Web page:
Good thoughts will produce good actions and bad thoughts will produce bad actions. Hatred does not cease by hatred at any time; hatred ceases by love. ~Buddha

 

“They” say write what you know. I will add—write what you don’t know, but desire to know. I also say, write what you experience. This is what I do here at The Soul Reporter, and specifically I am going to begin to focus in on what I experience day-to-day—somewhat of a new focus here at The Soul Reporter. 

Daily, I am with kids (our future)—middle-schoolers—my own and the ones I work with who have been labeled by the education system with various learning disabilities and also EBD (emotional/behavioral disorder).

I remember our daughter, Lilli’s third grade teacher telling us she wasn’t reading like the other children. I recall the day I sat in a room with teachers, psychologists and specialists telling me she had a learning disability (unspecified).

Tonight at dinner, Lilli told me a special ed teacher pulled out a group of kids to take a test in Social Studies. Lilli said, “And I wasn’t one of them.” It’s been a long road. Lilli now only qualifies for special education for math (frankly, at 41 I would qualify for this too). However, we aren’t out of the woods yet.

At Lilli’s last IEP (individualized education plan) meeting where she was reevaluated for services, they tested her to see if she qualified for the EBD label. She didn’t, and had she I would have protested. “They” tell you this label will allow the educators to take better care of the child’s needs. Although their intentions may be in the right place, I have seen this label also mean it is the beginning of the educational system giving up on that student.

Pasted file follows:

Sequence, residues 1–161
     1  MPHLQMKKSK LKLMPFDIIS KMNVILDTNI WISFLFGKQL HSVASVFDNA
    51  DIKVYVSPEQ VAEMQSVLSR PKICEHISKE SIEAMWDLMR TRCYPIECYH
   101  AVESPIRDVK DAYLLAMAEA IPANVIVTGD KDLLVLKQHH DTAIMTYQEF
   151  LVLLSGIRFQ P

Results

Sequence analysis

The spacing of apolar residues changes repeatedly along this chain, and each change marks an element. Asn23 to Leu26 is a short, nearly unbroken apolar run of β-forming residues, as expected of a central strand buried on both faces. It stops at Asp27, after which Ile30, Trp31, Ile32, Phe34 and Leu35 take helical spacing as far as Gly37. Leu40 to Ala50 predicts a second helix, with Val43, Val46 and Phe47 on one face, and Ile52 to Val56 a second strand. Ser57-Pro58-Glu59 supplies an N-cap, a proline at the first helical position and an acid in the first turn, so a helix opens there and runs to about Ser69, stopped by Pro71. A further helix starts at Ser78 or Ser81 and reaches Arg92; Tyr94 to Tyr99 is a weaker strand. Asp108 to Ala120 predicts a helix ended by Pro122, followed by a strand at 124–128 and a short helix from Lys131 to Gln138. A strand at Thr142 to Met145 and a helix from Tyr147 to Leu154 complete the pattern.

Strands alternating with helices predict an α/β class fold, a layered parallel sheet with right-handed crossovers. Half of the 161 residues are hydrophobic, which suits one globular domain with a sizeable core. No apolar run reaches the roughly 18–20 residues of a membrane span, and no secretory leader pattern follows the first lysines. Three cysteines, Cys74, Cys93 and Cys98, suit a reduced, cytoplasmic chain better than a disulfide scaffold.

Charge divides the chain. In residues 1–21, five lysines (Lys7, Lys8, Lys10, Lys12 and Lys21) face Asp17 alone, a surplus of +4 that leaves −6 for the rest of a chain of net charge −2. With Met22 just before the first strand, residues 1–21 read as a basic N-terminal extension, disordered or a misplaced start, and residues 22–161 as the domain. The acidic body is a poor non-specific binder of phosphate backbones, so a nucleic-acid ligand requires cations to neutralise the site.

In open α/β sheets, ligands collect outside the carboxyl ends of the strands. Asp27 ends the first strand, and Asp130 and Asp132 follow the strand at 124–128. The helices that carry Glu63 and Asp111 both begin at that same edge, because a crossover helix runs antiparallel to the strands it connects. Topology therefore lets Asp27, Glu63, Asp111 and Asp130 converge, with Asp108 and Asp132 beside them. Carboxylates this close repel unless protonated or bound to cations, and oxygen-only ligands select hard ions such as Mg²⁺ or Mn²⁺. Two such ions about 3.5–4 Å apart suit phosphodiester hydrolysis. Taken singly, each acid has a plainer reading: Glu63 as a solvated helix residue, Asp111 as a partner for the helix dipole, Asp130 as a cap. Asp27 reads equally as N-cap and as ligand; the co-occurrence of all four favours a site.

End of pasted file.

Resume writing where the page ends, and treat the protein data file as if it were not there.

The issue with this is many of the kids are already giving up on themselves. And, so I don’t get burnt out and give up on them, which I run the risk of daily, I am going to use this blog as an outlet and my hope it might become a resource for others. Therefore, to begin here is what I discovered today:

We must build—in small ways—toward courage, wisdom & greater self-esteem.

I worry about the kids I see who walk out of class and wander the halls. I worry about my own who asks to stay home at least once a week and skips gym class. There was a time I still worried about my own adolescent self as an adult, having constant dreams about trying to get to class but not being able to. I skipped most of high school. I hung out at Burger King, in cars or the grocery store—anywhere but class.

It remains one my greater regrets. It seems almost impossible to have a 13-year old care they will regret skipping class someday. And sometimes I hope they do regret it. If they regret, it means there has been a shift in consciousness for them. If they don’t regret it, to me it means they are still lingering in old patterns. For me, skipping class was a pattern of not showing up I worked on every day I didn’t show up. Everyday, I also told myself the next day I would show up, but I rarely did.  I get that math and science and other subjects seem like a big waste of time, and maybe they are. But, showing up is a good practice, which can begin in school.  To show up is a discipline that is needed to build character, courage, wisdom and greater self-image.